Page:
The civic societies belonging to this period were the Masons, Odd Fellows, Patrons of Husbandry and Good Templars. Twilight Lodge, No. 329, Ancient Order of Free and Accepted Masons, was first organized under a dispensation granted by the Grand Lodge of Iowa on the eighteenth day of September, 1873. The first elective officers were: Alfred Davis, W. M.; C. H. Ayers, S. W.; A. L. Sawyer, J. W. ; A. M. Johnson, Secretary, and Zina Henderson, Treasurer. A charter was granted on the third day of June, 1874. The present membership is sixty. The present elective officers are: O. I. Wilson, W. M.; James Ackley, S. W.; I. N. Blakey, J. W. ; S. L. Pillsbury, Treasurer, and E. D. Carlton, Secretary. The Past Masters are Alfred Davis, C. H. Ayers, O. Crandall, J. A. Smith, J. F. Dare, R. A. Smith, W. F. Pillsbury, George Stoerlein, W. F. Carleton, E. D. Carleton, A. B. Funk and O. I. Wilson.
In connection with the Masonic lodge, Twilight Chapter No. —, Order of the Eastern Star, was organized at Spirit Lake under a dispensation granted by the Grand Chapter some time during the winter of 1876 and 1877. The minutes of the chapter for the time they worked under dispensation cannot be found and therefore we have to depend on the memory of the earlier members for what facts are obtainable. The old files of the Beacon contain an account of a public installation held June 24, 1877, which was followed by a festival under the management of the Eastern Star chapter which fixes the date of their first organization back of that time. Mrs. Fannie Jemerson was the first Worthy Matron and Mrs. Anna L. Rice, Associate, with Mrs. Jane Ayers, Secretary, and Mrs. F. I. Pillsbury, Treasurer. Mrs. Jemerson was succeeded by Mrs. Rice as Worthy Matron either in 1878 or 1879. The charter bears date February 26, 1880. The first Worthy Matron under the charter was Mrs. Anna L. Rice with Mrs. D. Eighmy, Associate, and J. A. Smith, Worthy Patron. Mrs. Rice was succeeded by Mrs. E. Palmer in 1882 or 1883.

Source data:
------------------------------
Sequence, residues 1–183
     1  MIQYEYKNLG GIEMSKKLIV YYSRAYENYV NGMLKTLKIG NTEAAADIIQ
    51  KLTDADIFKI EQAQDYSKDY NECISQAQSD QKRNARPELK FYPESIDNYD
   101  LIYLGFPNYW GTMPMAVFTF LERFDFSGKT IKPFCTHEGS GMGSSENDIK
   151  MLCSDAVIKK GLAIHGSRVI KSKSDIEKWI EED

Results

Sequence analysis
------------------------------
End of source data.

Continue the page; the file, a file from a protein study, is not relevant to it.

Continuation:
After a time the interest began to flag. The attendance was light until finally the meetings ceased altogether. A small company of members, consisting of Mrs. F. I. Pillsbury, Mrs. Minnie Francis, Mrs. Ella Johnson, Mrs. Anna Chisholm, Mrs. M. C. Cory, Mrs. Jennie Avers and possibly one or two others (this list is made from memory), rather than see the charter surrendered and the chapter fall to pieces, kept up the Grand Chapter dues and the annual reports and did what else was necessary to keep the organization intact and save the charter. Matters drifted along in this unsatisfactory manner until 1894 when the members who had stayed by it decided that it was time to make an effort either to revive the work and place the now nearly defunct organization on its feet once more or to abandon it altogether.